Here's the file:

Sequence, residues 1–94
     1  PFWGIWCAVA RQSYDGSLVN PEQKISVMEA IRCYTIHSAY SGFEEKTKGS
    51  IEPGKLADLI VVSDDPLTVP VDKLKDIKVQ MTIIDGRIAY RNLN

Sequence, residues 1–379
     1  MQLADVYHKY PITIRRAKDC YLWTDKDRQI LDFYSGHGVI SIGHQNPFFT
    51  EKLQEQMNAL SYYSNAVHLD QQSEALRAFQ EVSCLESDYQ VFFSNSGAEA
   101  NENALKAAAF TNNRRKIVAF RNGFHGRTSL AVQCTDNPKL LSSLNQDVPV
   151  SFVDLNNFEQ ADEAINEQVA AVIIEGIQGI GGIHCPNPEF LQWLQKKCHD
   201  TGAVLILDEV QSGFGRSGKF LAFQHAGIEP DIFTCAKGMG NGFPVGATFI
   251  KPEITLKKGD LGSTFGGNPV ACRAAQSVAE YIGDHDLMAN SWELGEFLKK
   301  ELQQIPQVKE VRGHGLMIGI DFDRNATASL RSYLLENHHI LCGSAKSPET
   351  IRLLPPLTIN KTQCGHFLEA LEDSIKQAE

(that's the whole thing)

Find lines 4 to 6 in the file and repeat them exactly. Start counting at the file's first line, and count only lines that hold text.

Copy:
Sequence, residues 1–379
     1  MQLADVYHKY PITIRRAKDC YLWTDKDRQI LDFYSGHGVI SIGHQNPFFT
    51  EKLQEQMNAL SYYSNAVHLD QQSEALRAFQ EVSCLESDYQ VFFSNSGAEA